On Thursday morning, the Ann Arbor Transportation Authority’s Lois Crawford was at Blake Transit Center spreading the word about the new fare boxes, which are scheduled to appear on AATA buses starting Feb. 6.
In addition to introducing riders to the new fare boxes, Crawford was distributing written information about the fare increase proposal and alerting bus riders who were waiting inside Blake to the ways they could give their feedback on the proposed rate hike, which would see the base fare climbing from $1 to $1.50 over the next two years.
Crawford had one of the Odyssey model boxes manufactured by GFI Genfare on hand, and powered up for inspection. The green-backlit message screen on the box read: “THANKS 4 RIDING AATA. WELCOME.”
Most riders will notice little immediate difference in their ride experience. One notable exception: M-Card holders. Currently, M-Cards, which are distributed to University of Michigan affiliates at no cost to them, need only be shown to the driver, who manually records the ride as an M-Ride. With the new fare boxes, M-Cards will need to be swiped in the slot that cuts diagonally across the upper right hand corner of the boxes from right to left. But drivers will continue to log every rider who enters the bus with a button press as they do now.
The new fare boxes are compatible with card printers, which can dispense fare cards as change for fares paid with bills as large as $10: Pay a $1 fare with a $10 bill and you get a card worth $9 in future bus fare as your change. This functionality will be up and running immediately on deployment of the new fare boxes. Reached by phone, Mary Stasiak, manager of community relations for AATA, stressed that the change cards are sturdy but not indestructible – care should be taken not to fold or otherwise mutilate them. AATA won’t be issuing refunds for damaged change cards.
Day passes (riders could take unlimited rides in the system for a single fare) can also be set up with the new boxes. The fare boxes can also read credit cards. When they’re deployed initially, the boxes will not be equipped with that functionality, however. AATA is still developing the pass packages and payment options that will be deployed on the fare boxes.
One of the bus riders Crawford interacted with on Thursday morning, Al Skinner, was enthusiast about the possibility of day passes. When you have a lot of trips to make over the course of a day, he said, the individual fares can add up quickly. Such day passes are available in Tulsa, Oklahoma for $3, he reported, a city where he visits a friend from time to time. Skinner is the former holder of a go!pass through the getDowntown program, but he no longer works for a downtown business, thus does not qualify for the yearly pass, which downtown employers can purchase for their employees at a cost of $5 per employee.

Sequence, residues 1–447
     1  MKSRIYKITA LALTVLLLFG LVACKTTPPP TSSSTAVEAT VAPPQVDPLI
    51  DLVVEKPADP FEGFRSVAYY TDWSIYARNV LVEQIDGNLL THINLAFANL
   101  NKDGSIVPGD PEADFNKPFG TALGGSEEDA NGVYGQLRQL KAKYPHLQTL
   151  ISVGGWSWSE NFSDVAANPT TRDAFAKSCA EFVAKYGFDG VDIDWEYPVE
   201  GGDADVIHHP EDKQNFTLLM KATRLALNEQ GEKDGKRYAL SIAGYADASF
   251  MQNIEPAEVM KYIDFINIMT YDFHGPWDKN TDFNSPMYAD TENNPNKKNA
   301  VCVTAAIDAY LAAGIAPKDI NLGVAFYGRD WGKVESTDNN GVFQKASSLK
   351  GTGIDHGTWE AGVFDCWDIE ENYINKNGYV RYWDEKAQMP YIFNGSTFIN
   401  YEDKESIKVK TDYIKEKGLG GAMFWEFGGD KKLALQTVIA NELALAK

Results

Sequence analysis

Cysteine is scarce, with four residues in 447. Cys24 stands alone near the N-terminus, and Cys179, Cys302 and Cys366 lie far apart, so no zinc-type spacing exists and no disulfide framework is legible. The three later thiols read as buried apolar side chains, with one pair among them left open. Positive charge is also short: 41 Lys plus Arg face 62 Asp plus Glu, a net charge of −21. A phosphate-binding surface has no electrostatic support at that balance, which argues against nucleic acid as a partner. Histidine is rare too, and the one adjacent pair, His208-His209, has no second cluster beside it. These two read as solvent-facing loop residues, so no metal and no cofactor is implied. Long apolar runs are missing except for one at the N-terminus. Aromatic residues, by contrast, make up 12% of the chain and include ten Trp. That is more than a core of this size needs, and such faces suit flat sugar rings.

Skinner said he been to a lot of different cities, and that on the whole AATA provides on-time service that’s convenient. One suggestion he’d make, though, would be to run Route 20 more frequently and longer into the evening.
Public feedback on the proposed fare increases, as well as payment and pass options people would like to see with the new fare boxes, can be provided to the AATA at a series of public meetings: At the Ann Arbor District Library, Multipurpose Room, 343 S. Fifth, Ann Arbor: Tues., Feb. 10, 1-3 p.m. and Tues., Feb. 17, 6-8 p.m. In Ypsilanti, hearings will be held at the city of Ypsilanti Council Chambers, One S. Huron St., Ypsilanti: Thurs., Feb. 19, 4-7 p.m. and Thurs., Feb. 26, 1-3 p.m. [confirm dates] Details on the proposed fare increases.
Feedback can also be given to AATA on fares by:
- Calling the AATA Service Change Hotline at 734.677.3934.
- E-mailing the AATA at email@example.com; put “Fare Changes” in the subject line.
- Faxing AATA at 734.973.6338; address the fax to “Fare Changes.”
- Writing to “Fare Changes,” AATA, 2700 S. Industrial Hwy., Ann Arbor, MI 48104.